Buying a new house is a life event—and the more informed and organized you are about it, the better off you’ll be when it comes time to making an offer on your dream home. Whether you’re a first-time buyer or upgrading to a newer home, prepare now with this multi-step checklist.
Understand your financial status in terms of your credit and credit scores.
Equifax, Experian and TransUnion are all major credit bureaus that can provide your credit report. Take some time to review the accounts listed and make sure there isn’t any inaccurate information. You’ll also want to know your FICO credit score—the 3-digit number that major lenders use to gauge your risks. You’ll want your score to be higher than the 700 benchmark most creditors require. In the meantime, try not to open any accounts, be sure to pay all your bills on time and don’t max out your credit cards. You don’t want to do anything that may adversely impact your credit score during this new home buying timeframe.
Step up your savings.
Your home financing options are directly tied to the amount of cash you’ll be able to put down on a house. You’ll need at least a 5% down payment, so bulking up your savings is a critical step to buying a home. Review your monthly expenses and cut back wherever possible—eat in more, stop going to the movies, and limit all the “want-driven” purchases. You’ll also need to deal with any debt, especially credit card balances. Mortgage lenders see this as a red flag of poor personal financial management.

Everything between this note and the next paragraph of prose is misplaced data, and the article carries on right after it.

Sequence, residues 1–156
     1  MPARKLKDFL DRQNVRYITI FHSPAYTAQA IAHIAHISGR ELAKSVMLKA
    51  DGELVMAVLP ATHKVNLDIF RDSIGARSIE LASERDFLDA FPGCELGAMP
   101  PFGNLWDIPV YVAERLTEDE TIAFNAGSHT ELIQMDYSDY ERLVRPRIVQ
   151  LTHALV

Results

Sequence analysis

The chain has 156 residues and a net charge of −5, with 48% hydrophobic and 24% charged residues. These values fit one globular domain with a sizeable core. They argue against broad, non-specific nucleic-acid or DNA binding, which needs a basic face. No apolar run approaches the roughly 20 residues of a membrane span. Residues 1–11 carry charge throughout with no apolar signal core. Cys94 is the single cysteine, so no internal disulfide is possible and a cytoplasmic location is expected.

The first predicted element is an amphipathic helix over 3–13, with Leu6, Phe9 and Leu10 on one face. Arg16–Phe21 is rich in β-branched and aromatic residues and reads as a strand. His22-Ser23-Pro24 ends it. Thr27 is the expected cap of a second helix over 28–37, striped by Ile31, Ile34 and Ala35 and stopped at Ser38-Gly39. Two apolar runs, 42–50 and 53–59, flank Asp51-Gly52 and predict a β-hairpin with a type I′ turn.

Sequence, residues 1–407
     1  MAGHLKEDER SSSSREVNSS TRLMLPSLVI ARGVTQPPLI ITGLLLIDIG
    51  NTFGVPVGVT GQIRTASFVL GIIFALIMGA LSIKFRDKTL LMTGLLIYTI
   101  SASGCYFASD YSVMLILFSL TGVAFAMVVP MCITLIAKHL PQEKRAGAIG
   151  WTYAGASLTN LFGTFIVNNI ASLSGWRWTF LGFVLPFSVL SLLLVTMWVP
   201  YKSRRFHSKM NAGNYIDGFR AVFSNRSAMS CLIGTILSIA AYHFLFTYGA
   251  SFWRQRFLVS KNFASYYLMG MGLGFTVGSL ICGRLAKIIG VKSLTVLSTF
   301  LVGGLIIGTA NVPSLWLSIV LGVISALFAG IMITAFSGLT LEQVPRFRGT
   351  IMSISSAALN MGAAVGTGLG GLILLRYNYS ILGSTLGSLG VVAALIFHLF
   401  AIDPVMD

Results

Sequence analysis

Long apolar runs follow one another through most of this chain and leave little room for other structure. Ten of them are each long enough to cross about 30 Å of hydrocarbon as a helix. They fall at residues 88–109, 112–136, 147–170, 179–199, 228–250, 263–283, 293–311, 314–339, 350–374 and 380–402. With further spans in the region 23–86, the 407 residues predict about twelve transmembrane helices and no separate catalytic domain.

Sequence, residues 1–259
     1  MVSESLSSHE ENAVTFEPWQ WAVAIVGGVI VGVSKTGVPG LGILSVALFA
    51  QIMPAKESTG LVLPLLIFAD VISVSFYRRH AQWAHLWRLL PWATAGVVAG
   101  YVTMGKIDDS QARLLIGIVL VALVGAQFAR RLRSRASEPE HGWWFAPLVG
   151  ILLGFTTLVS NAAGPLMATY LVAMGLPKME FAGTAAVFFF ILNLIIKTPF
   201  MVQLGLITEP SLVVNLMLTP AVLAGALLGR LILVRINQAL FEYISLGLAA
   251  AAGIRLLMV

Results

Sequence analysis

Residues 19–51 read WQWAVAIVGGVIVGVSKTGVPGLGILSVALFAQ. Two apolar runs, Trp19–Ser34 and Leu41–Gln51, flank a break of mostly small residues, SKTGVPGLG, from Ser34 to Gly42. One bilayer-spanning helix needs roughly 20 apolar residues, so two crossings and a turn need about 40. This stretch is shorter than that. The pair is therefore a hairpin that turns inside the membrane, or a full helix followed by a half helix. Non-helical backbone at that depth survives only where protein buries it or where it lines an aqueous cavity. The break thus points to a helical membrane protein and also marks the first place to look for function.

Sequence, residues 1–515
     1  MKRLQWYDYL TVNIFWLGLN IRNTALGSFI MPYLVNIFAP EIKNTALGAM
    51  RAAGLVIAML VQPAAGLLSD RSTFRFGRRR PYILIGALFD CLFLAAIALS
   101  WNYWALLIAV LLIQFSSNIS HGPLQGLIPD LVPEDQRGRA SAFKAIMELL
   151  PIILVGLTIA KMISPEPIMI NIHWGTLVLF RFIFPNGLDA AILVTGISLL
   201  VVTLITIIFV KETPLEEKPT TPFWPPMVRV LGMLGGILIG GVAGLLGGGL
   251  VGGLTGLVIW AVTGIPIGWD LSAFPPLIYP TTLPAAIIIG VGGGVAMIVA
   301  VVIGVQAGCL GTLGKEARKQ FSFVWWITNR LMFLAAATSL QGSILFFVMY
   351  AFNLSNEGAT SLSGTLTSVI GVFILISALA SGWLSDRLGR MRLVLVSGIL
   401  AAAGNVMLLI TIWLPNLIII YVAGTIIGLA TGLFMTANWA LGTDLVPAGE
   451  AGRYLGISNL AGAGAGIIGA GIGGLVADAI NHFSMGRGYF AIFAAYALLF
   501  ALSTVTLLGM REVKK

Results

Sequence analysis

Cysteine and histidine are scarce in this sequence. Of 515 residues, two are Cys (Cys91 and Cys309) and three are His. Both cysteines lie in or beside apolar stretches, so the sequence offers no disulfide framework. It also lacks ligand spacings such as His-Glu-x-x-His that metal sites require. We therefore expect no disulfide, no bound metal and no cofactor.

Take some time to research your mortgage options.
Most experts agree that the safest home mortgages are traditional, fixed-rate mortgages. You don’t want to get into a situation where a variable rate eventually kicks in and drives your monthly payment beyond what you can pay.
Be realistic with what you can really afford.
Create a spreadsheet of all potential expenses associated with owning a new home. You may already expect the property tax and insurance rates when you purchase a new home—but many people don’t think about the increased heating bills, home décor budget and maintenance costs. Be sure to calculate all of these types of expenses and decide what’s truly affordable to you.
Get pre-approved on a mortgage.
About two months out, it’s a good idea to get a commitment from a mortgage lender. Having that source of credit available to you will make you a much stronger buyer in the eyes of the seller.
Refine your search and find your dream home.
Working with a reputable real estate agent, you’ll want to explore neighborhoods, research the overall area (schools, medical facilities, cultural opportunities) and tour available homes—until you find the right home and your offer is accepted.
The final leg of buying a new home involves the four to six week long process of securing the mortgage loan, having the hope appraised and inspected and conducting a final walk-through of the property. All this leads to your “closing”, or official purchase of the home. You’ll need to pay your down payment and all agreed-upon amounts and sign the mortgage and title paperwork.
When you purchase one of our finely-handcrafted new homes, you become part of the JordanBuilt family. Our signature on the sales contract is your guarantee that we at Jordanbuilt Homes value customer satisfaction. We are here to help you every step of the way. Contact us today and learn more about the JordanBuilt difference!